They say ‘don’t judge a book by its cover’ – unless it’s one designed by a Slytherin, because chances are it would look pretty fabulous.
Slytherin house displayed some exquisitely dark, yet beautiful designs over the years – as shown both in the Harry Potter books and film adaptations. Here are some of our favourite pieces of artistry from Slytherin’s history.
Wearing the locket of Salazar Slytherin, one of Voldemort’s Horcruxes, caused Harry, Ron and Hermione a lot of deep emotional turmoil. Despite these hardships, this locket was described in the books as a richly-designed and ancient piece of jewellery, eloquently embossed with green emeralds.
As a hugely valuable Slytherin heirloom, it was almost a pity Lord Voldemort had to turn this valuable antique into a Horcrux. Yikes, are we starting to sound too much like Kreacher?
It was as large as a chicken’s egg. An ornate letter ‘S’, inlaid with many small green stones, glinted dully in the diffused light shining through the tent’s canvas roof.
Harry Potter and the Deathly Hallows
Draco Malfoy was always sure to wear his family’s wealth, quite literally, on his sleeve. In Half-Blood Prince, a particularly glimmering set of green robes (what other colour could it be?) perfectly articulated just how dapper Draco was.
A teenage boy with a pale, pointed face and white-blond hair appeared from behind the rack wearing a handsome set of dark green robes that glittered with pins around the hem and the edges of the sleeves.
Harry Potter and the Half-Blood Prince
Salazar Slytherin’s wand, passed down from generation to generation, had no doubt performed many a great and terrible spell. Until, that is, the wand came into the possession of a young Irish girl named Isolt Sayre.
Slytherin’s wand contained a fragment of Basilisk’s horn and stopped working when Isolt’s murderous aunt told it, in Parseltongue, to ‘sleep.’ After the confrontation with Gormlaith, Isolt buried Slytherin’s wand and a mysterious tree grew on that spot, that refused to be pruned or destroyed.
Within a year an unknown species of snakewood tree had grown out of the earth on the spot where the wand was buried. It resisted all attempts to prune or kill it, but after several years the leaves were found to contain powerful medicinal properties. This tree seemed testament to the fact that Slytherin’s wand, like his scattered descendants, encompassed both noble and ignoble.
‘Ilvermorny School of Witchcraft and Wizardry’, Pottermore
We got a peek into the Slytherin common room during Chamber of Secrets, when Ron and Harry took on the unenviable task of being Crabbe and Goyle for the evening. Situated in the dungeons, the common room was as green and mysterious-looking as you’d expect.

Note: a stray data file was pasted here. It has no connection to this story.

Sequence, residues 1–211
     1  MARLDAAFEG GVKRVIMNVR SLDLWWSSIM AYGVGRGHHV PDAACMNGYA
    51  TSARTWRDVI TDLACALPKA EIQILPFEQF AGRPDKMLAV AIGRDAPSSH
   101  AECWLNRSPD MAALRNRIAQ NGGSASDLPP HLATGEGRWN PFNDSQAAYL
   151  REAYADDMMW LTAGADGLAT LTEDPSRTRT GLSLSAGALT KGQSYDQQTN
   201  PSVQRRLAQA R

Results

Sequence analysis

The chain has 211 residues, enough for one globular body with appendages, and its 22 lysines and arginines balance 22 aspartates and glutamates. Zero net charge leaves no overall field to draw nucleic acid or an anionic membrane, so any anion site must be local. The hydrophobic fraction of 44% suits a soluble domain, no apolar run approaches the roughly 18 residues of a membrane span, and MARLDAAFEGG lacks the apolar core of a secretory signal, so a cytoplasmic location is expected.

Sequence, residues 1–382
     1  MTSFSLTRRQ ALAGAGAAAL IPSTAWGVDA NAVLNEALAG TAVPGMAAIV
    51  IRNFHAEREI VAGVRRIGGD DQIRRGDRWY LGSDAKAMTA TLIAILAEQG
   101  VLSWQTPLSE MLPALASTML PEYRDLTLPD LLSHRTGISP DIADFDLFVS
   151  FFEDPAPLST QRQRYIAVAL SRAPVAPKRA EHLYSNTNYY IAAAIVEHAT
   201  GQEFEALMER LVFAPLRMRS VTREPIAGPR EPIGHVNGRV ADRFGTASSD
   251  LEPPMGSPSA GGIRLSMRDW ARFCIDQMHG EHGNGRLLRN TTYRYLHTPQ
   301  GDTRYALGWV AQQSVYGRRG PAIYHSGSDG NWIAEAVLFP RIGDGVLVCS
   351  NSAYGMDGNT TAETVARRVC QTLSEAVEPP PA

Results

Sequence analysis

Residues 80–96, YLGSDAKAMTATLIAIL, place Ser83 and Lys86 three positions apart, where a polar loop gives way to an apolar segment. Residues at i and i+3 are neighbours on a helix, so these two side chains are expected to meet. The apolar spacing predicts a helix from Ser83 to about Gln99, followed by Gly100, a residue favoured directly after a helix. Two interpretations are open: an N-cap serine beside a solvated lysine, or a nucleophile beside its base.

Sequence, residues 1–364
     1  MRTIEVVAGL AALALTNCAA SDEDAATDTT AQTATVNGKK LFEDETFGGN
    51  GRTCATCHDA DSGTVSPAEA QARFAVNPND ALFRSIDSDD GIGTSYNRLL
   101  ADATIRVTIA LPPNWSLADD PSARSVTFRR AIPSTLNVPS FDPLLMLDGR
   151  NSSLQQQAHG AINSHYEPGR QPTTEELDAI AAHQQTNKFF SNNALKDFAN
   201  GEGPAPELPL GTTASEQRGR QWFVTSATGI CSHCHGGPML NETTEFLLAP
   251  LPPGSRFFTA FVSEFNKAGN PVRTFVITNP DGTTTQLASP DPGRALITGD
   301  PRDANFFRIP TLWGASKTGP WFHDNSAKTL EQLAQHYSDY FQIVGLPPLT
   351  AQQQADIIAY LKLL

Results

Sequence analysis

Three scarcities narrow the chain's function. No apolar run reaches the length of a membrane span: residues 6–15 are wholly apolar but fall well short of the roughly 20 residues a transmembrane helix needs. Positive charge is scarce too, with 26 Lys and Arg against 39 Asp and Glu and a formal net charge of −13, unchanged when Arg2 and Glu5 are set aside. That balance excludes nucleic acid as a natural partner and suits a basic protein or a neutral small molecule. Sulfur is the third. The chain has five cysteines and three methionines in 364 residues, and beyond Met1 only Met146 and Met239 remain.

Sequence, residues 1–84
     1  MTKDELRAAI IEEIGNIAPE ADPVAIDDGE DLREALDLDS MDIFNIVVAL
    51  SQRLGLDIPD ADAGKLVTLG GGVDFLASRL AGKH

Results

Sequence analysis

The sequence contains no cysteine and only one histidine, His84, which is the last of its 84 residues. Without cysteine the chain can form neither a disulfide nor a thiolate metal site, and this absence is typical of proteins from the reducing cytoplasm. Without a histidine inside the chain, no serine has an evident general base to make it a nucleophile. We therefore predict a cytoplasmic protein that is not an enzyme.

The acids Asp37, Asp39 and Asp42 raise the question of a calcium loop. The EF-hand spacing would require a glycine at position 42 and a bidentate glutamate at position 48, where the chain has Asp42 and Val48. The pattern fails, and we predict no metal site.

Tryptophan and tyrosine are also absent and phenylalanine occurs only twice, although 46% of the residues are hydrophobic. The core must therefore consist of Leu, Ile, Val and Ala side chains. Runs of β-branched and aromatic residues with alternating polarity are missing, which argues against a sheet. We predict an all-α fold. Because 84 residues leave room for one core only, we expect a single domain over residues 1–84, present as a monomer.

The Slytherin common room was a long, low underground room with rough stone walls and ceiling, from which round, greenish lamps were hanging on chains. A fire was crackling under an elaborately carved mantelpiece ahead of them, and several Slytherins were silhouetted around it in carved chairs. Harry Potter and the Chamber of Secrets
Although the Dark Mark was not strictly confined to Slytherin house, it shared an undeniable association with Slytherin. This was Lord Voldemort’s dreaded sign: an ominous skull with a cascading tongue-like snake that evoked fear and dread in every witch or wizard who witnessed it. Trust Lord Voldemort to have a really evil-looking logo.
Then he realised that it was a colossal skull, composed of what looked like emerald stars, with a serpent protruding from its mouth like a tongue. As they watched, it rose higher and higher, blazing in a haze of greenish smoke, etched against the black sky like a new constellation.
Harry Potter and the Goblet of Fire
Now, we’re certainly not advocating the fact that Slytherin built the Chamber of Secrets – home to the horrendous Basilisk. But you must admit that Salazar Slytherin’s creation was kind of stunning in its own, grotesque sort of way. The chamber, which could only be opened by speaking Parseltongue, contained a huge statue of Salazar Slytherin himself. Although it signified so much evil, it was an undeniably majestic image.
Then, as he drew level with the last pair of pillars, a statue high as the Chamber itself loomed into view, standing against the back wall. Harry had to crane his neck to look up into the giant face above: it was ancient and monkey-like, with a long thin beard that fell almost to the bottom of the wizard’s sweeping stone robes, where two enormous grey feet stood on the smooth chamber floor.
Harry Potter and the Chamber of Secrets
As much as Sirius Black detested most things associated with Grimmauld Place, the Black family tapestry had a macabre beauty to it. As a rare Gryffindor in a gargantuan family tree littered with Death Eaters and Slytherins, Sirius was not alone in being represented as a burn mark. A few others in this pure-blood family had the audacity not to follow in the footsteps of the Dark Lord.
But there is also no denying that so much wizarding history in one tapestry was bound to look quite magnificent. Plus it was definitely the best decoration in number twelve, Grimmauld Place.
The tapestry looked immensely old; it was faded and looked as though Doxys had gnawed it in places. Nevertheless, the golden thread with which it was embroidered still glinted brightly enough to show them a sprawling family tree dating back (as far as Harry could tell) to the Middle Ages.
Harry Potter and the Order of the Phoenix